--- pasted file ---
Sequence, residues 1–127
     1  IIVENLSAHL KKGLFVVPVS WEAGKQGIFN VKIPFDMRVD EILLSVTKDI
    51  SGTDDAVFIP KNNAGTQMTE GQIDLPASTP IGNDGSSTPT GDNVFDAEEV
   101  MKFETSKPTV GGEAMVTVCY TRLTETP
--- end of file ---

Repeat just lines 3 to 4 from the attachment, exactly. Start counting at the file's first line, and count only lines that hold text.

    51  SGTDDAVFIP KNNAGTQMTE GQIDLPASTP IGNDGSSTPT GDNVFDAEEV
   101  MKFETSKPTV GGEAMVTVCY TRLTETP